Kerry also has a perfect suitor in Matthew Kincade – sensible, steady, hardworking, handsome and a good earner. Matthew “hasn’t got an agenda that embraces violence.” Unlike Aidan, “He won’t be running around the world looking to stir up trouble and he hasn’t got people out there trying to kill him.” Jealousies, fumbles, clashes, and chases are dizzily constructed through interlocking relationships and shocking secrets that result in a violent, dramatic dénouement – in church, no less.

The frictions between justice and revenge, love and duty, family and business, security and risk – even adventure and stability – crown Austin’s solid storytelling. High-speed, dialog-driven narrative and snappy repartee probe the power of families to lift up or to deform their members. Although the discipline of poverty has had its enthusiasts from time immemorial, want and worry roar throughout the book as the most sinister monsters among us.

Buy a signed copy of Angle’s Share

Novel Ideas

Where did the idea for Butterfly come from?
That is how it happens…a news article, a stranger’s reminiscences, a song that sticks in my head and causes me to wonder what pain or joy the composer felt when it was written. The images, words, sounds coalesce and I start to form the story.

Butterfly was born very much like this. I love music, I’m a musician. Irish music, art, literature and culture are part of my DNA. For years a particular tune, a slip jig, The Butterfly, has been a favorite. I believe I first heard it as a flute piece. It is used in a film that touched my Irish soul, The Secret of Roan Inis. This gave me a focal point for my character, a theme to carry across the story, a sort of glue to hold the bits together. The theme also describes Flannery, the heroine in my story. “She was a butterfly, flitting from blade of grass to flower without a plan, joy and passion her only map.”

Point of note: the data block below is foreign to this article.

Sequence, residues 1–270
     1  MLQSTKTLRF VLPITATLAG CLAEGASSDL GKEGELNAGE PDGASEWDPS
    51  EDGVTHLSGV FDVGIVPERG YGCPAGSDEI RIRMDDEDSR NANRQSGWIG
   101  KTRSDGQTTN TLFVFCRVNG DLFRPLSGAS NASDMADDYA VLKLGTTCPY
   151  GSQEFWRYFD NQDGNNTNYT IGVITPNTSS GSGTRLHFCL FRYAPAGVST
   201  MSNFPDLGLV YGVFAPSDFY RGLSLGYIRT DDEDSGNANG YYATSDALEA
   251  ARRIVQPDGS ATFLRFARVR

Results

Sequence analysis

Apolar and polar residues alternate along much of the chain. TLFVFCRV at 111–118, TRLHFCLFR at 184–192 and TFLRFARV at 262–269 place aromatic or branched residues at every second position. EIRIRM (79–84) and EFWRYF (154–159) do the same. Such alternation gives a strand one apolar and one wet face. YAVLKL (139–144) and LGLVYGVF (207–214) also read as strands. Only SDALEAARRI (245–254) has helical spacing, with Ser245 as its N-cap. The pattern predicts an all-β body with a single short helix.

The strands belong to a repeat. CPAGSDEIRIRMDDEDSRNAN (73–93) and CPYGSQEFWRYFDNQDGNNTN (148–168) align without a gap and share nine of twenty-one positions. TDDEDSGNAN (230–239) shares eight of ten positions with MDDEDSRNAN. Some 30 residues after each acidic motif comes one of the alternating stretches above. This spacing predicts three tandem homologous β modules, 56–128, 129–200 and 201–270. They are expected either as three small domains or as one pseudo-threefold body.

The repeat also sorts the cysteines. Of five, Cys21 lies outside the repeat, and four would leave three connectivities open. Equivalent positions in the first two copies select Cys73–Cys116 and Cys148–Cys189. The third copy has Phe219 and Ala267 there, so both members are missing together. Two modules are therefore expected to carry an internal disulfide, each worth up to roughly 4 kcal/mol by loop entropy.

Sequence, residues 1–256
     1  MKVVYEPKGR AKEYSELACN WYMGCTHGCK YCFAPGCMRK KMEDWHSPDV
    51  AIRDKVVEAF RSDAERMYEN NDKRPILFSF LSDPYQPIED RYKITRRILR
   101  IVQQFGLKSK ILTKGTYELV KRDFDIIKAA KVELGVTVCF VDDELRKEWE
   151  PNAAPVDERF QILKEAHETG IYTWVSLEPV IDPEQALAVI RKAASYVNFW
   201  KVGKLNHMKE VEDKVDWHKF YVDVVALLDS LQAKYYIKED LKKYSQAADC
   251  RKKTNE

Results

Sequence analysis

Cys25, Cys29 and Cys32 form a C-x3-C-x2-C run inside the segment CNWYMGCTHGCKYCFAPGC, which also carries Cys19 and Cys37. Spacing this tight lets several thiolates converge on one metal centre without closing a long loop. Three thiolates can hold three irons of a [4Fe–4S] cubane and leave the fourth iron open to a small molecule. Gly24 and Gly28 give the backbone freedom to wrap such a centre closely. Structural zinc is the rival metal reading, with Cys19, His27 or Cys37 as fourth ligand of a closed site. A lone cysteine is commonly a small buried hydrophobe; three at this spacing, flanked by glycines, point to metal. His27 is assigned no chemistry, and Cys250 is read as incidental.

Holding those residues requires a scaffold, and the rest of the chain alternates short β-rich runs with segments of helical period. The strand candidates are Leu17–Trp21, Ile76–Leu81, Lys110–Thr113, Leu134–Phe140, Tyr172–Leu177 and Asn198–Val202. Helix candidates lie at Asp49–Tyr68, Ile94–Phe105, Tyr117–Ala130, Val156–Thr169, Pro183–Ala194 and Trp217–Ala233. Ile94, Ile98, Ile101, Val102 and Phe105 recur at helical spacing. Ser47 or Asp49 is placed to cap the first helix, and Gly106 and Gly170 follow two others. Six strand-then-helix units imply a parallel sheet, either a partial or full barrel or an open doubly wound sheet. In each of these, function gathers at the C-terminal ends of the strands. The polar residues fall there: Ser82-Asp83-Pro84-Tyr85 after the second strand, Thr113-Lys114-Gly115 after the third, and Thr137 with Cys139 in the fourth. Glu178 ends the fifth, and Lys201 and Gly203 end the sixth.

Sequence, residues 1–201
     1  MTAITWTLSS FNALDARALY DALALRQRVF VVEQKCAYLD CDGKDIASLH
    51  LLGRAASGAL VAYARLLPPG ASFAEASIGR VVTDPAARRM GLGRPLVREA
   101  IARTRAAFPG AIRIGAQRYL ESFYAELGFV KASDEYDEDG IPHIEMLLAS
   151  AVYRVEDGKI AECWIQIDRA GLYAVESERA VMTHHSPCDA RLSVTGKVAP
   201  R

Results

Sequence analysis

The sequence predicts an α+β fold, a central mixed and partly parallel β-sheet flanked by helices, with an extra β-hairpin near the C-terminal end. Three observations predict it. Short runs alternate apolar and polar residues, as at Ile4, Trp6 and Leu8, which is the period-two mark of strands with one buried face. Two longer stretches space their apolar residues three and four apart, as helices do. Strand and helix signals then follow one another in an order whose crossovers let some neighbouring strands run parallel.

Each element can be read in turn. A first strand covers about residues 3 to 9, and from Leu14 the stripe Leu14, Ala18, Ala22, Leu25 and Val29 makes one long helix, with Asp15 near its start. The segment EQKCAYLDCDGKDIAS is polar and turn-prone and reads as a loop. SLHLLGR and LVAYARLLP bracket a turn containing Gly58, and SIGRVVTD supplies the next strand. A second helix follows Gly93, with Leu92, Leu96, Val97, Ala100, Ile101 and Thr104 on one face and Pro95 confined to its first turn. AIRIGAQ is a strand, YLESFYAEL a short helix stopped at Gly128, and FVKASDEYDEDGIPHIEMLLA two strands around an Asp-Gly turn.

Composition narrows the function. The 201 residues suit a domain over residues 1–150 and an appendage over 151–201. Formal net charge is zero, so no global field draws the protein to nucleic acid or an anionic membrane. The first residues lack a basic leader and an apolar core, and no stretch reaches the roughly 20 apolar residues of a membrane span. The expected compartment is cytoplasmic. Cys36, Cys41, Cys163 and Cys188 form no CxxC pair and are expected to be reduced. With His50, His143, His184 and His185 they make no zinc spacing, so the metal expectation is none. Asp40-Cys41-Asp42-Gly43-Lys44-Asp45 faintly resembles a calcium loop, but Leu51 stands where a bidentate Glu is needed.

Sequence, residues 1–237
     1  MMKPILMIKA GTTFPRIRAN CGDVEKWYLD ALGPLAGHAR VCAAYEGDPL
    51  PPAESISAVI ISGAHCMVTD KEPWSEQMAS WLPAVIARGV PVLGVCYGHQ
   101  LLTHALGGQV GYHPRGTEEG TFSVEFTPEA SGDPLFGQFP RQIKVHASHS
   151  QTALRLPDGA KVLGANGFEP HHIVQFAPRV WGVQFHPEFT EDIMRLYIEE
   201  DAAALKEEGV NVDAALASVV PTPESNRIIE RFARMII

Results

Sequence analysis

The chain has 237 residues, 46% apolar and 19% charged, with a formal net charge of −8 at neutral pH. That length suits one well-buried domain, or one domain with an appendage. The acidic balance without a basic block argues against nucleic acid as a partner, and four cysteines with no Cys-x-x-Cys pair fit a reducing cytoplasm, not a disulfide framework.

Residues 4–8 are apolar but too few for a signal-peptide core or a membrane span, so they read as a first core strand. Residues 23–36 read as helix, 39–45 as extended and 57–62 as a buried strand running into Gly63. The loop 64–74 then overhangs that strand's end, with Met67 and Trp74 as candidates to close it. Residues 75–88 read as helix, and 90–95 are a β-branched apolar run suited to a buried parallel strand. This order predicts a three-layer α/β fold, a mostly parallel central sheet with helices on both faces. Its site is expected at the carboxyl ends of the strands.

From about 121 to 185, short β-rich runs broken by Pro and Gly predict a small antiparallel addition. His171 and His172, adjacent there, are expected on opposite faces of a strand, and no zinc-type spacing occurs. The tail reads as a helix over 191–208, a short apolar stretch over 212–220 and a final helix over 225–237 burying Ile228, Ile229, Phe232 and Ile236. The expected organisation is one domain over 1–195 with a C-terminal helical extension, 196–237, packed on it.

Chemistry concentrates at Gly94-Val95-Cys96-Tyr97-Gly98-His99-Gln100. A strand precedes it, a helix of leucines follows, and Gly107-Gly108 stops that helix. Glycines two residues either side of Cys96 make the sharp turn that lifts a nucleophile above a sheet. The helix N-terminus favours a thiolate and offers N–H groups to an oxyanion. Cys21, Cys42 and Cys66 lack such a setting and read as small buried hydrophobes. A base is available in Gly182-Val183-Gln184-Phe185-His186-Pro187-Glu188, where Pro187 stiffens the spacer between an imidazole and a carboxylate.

My husband and I raised a houseful of sons. They were exposed to music from the womb…literally. I would sing to my unborn child, play music, have a record on the stereo (back in the days of vinyl!) It seemed a natural progression to write a story about a family deeply steeped in musical tradition. The three Sloane siblings: Flannery, Tynan and Kerry were born from the seeds of imagination, but they have their roots in my memory as well.

I love stories that encompass family dynamics in a positive way. Each person, even born and raised by the same parents, in the same global environment, will have unique personality traits and values. A film that played in my head while coming up with the idea for Butterfly was Big Night. Two brothers, one with business sense, the other the artist/chef, open a restaurant. The theme is one of those “seven stories”…two people taking different paths to the same end.

In Butterfly, Flannery is the dreamer, the artist/music purest, she doesn’t care if she eats her next meal, buys a new dress or meets Mr. O’Perfect. At the beginning of the story, her music is her soul mate, in the Irish, it is her Anam Cara.

Butterfly, the first book in The Fadό Trilogy, a contemporary romantic comedy, is available now in paperback and digital formats. The second book in this trilogy is Angel’s Share, a romantic suspense that takes the reader from the pubs of Dublin to the dark and dangerous streets of South Boston. It is set to release March 2010. The third story in this series is Selkie’s Song. It is my work in progress and takes Tynan Sloane back to the land of his birth, Ireland, for a romantic tumble in this magical tale.